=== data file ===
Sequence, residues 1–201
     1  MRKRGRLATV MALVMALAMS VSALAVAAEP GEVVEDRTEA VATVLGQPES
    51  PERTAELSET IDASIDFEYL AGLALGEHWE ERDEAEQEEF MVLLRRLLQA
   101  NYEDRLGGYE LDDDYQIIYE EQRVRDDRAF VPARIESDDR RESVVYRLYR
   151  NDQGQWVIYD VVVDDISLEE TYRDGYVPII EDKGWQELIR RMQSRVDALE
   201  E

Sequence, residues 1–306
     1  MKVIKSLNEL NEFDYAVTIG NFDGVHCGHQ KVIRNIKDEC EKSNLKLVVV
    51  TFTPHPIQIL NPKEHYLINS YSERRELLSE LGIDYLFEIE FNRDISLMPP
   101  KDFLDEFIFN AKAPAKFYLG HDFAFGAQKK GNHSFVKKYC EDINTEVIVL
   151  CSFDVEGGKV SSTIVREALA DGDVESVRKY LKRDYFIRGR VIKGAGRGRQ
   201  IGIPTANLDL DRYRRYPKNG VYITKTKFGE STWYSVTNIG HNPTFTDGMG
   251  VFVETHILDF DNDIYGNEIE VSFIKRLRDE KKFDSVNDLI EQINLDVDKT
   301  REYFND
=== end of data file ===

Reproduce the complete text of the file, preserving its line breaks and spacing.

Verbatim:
Sequence, residues 1–201
     1  MRKRGRLATV MALVMALAMS VSALAVAAEP GEVVEDRTEA VATVLGQPES
    51  PERTAELSET IDASIDFEYL AGLALGEHWE ERDEAEQEEF MVLLRRLLQA
   101  NYEDRLGGYE LDDDYQIIYE EQRVRDDRAF VPARIESDDR RESVVYRLYR
   151  NDQGQWVIYD VVVDDISLEE TYRDGYVPII EDKGWQELIR RMQSRVDALE
   201  E

Sequence, residues 1–306
     1  MKVIKSLNEL NEFDYAVTIG NFDGVHCGHQ KVIRNIKDEC EKSNLKLVVV
    51  TFTPHPIQIL NPKEHYLINS YSERRELLSE LGIDYLFEIE FNRDISLMPP
   101  KDFLDEFIFN AKAPAKFYLG HDFAFGAQKK GNHSFVKKYC EDINTEVIVL
   151  CSFDVEGGKV SSTIVREALA DGDVESVRKY LKRDYFIRGR VIKGAGRGRQ
   201  IGIPTANLDL DRYRRYPKNG VYITKTKFGE STWYSVTNIG HNPTFTDGMG
   251  VFVETHILDF DNDIYGNEIE VSFIKRLRDE KKFDSVNDLI EQINLDVDKT
   301  REYFND